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Office of Inspector General Reports $5 Billion Return as Result of Their Efforts

Office of Inspector General Reports $5 Billion Return as Result of Their Efforts

The HHS OIG is required to issue semiannual reports to Congress regarding the results of their efforts. On December 10, the OIG released their report for the second half of (FY) 2014 which included a summary of accomplishments for the entire year. The report contains a lengthy list of achievements by the OIG.

One of the major accomplishments claimed was a recoupment by the government of $4.9 billion in improperly spent federal health care dollars obtained as result of the OIG’s oversight and investigation efforts conducted during the year. This was broken down into $834.7 million in program audits and about $4.1 billion in investigative work that included $1.1 billion in State shares of Medicaid restitution. The OIG also reported $15.7 billion in estimated savings resulting from legislative, regulatory, and administrative actions that were supported by report recommendations. Some other statistical accomplishments noted included a number of enforcement actions:

  • 4,017 individuals and entities were excluded from Federal health care programs;
  • 971 criminal actions against individuals or entities that engaged in crimes against HHS programs;
  • 533 civil and administrative cases, including false claims and unjust-enrichment lawsuits filed in Federal district court and civil monetary penalties administrative matters, which included both OIG-initiated actions and provider self-disclosures; and
  • DOJ Strike Force efforts resulting in the filing of charges against 228 individuals or entities, 232 criminal actions, and $441 million in investigative receivables.

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Other highlights from the report included the following:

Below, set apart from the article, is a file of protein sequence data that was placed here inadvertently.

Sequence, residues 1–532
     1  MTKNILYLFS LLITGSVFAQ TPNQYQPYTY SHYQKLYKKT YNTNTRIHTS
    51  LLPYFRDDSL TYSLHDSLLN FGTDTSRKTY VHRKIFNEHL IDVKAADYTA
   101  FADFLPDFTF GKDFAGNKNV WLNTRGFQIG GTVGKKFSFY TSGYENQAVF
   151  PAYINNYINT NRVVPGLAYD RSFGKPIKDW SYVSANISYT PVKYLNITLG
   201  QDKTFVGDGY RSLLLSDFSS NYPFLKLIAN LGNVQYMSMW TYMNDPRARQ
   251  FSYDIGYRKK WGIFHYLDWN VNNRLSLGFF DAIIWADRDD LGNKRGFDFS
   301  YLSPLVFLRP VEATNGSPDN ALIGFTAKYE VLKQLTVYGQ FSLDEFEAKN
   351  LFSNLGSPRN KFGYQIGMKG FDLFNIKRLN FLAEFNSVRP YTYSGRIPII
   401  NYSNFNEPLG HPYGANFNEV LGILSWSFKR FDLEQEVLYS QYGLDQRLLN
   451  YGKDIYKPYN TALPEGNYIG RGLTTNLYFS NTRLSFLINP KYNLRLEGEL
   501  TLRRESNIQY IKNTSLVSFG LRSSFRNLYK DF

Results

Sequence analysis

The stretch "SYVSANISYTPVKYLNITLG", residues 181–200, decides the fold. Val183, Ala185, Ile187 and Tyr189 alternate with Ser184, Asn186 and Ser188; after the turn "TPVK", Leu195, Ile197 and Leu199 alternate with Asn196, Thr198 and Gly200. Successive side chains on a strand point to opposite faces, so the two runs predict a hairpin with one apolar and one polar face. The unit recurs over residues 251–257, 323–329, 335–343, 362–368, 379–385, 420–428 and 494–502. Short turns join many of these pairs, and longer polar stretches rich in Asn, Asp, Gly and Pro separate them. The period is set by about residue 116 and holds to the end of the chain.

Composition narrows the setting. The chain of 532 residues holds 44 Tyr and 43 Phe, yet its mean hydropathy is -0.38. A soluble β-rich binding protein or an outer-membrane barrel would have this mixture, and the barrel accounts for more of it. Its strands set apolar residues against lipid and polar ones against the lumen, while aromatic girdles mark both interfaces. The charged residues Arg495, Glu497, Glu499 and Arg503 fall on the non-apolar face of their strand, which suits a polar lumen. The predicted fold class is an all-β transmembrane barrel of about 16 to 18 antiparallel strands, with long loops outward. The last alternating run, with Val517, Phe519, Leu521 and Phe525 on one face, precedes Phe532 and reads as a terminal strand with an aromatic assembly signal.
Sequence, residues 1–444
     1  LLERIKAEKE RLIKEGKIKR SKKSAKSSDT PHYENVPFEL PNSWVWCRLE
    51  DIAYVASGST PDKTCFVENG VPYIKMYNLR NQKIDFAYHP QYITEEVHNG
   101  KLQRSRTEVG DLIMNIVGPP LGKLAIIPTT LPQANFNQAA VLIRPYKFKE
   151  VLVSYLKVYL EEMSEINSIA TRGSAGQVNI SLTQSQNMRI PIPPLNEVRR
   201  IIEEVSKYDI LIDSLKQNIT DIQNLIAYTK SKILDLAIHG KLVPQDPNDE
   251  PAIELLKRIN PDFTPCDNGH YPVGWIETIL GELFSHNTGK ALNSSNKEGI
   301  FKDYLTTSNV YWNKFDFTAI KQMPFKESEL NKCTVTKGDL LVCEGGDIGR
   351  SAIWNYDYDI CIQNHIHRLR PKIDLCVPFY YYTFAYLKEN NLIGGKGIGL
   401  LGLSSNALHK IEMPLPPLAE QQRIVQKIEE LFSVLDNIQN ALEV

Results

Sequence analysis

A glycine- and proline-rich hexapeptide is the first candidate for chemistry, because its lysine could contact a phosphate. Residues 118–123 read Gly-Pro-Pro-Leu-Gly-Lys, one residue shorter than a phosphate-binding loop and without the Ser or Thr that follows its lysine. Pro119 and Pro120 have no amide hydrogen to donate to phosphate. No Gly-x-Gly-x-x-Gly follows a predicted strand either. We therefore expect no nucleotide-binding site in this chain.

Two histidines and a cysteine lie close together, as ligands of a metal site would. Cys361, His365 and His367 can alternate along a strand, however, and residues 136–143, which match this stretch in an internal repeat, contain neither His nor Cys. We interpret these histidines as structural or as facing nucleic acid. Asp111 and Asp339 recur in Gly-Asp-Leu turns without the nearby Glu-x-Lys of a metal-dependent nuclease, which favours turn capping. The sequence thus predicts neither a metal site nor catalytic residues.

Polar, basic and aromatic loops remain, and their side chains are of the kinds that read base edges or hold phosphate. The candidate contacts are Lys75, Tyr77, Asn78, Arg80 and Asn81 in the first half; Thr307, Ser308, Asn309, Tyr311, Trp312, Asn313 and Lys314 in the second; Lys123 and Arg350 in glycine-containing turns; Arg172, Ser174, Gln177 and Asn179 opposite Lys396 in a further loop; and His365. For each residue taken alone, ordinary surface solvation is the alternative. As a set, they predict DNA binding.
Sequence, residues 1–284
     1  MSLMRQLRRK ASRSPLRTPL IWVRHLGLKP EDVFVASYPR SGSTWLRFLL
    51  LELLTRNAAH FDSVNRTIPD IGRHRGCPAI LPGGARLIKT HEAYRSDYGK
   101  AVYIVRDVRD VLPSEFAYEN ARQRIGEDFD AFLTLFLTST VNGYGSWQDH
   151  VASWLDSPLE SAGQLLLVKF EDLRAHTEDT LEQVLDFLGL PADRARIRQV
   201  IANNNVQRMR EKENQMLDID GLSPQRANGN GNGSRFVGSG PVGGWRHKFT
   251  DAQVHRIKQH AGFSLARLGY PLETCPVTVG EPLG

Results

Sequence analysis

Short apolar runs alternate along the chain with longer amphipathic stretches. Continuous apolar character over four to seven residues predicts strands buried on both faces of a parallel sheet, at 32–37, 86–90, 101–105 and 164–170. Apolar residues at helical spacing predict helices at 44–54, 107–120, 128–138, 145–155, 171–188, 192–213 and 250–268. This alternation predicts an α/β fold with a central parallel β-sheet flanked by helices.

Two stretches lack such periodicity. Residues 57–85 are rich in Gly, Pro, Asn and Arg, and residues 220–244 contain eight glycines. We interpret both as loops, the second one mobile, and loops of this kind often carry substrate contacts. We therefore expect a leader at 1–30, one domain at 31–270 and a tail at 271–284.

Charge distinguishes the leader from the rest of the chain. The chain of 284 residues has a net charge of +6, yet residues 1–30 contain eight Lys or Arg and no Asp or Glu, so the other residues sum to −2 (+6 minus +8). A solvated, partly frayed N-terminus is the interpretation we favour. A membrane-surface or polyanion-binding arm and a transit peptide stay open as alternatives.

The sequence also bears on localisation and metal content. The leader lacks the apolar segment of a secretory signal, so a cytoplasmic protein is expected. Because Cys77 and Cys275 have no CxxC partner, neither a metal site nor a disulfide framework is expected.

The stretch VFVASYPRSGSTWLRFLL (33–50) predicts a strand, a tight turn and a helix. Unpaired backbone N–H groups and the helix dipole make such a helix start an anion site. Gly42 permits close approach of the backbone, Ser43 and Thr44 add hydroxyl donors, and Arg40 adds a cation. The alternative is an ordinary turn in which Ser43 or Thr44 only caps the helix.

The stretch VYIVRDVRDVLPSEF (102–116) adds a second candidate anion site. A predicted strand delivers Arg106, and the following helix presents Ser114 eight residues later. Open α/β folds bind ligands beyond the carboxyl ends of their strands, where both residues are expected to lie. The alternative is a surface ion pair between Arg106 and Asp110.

• The OIG conducted congressionally mandated reviews of the implementation of the Affordable Care Act that include the Health Insurance Exchanges (Marketplaces) and found that not all internal controls implemented by the Federal, California, and Connecticut Marketplaces were effective in ensuring that individuals were enrolled in qualified health plans according to Federal requirements.
  • The Marketplaces were unable to resolve, from October through December 2013, 2.6 million of 2.9 million inconsistencies, most commonly in regards to citizenship and income issues.
  • Medicare inappropriately paid $6.7 billion for claims for evaluation and management (E/M) services in 2010 that were incorrectly coded and/or lacking documentation, representing 21 percent of Medicare payments for E/M services that year. Furthermore, E/M services are 50 percent more likely to be paid for in error than other Part B services.
  • Medicare beneficiaries could save $12 billion during calendar years 2012 through 2017 if CMS reduces hospital outpatient department payment rates for ambulatory surgical center (ASC) approved procedures to the same level as ASC payment rates. When outpatient surgical procedures that do not pose significant risk to patients are performed in an ASC instead of an outpatient department, the payment rates are generally lower.
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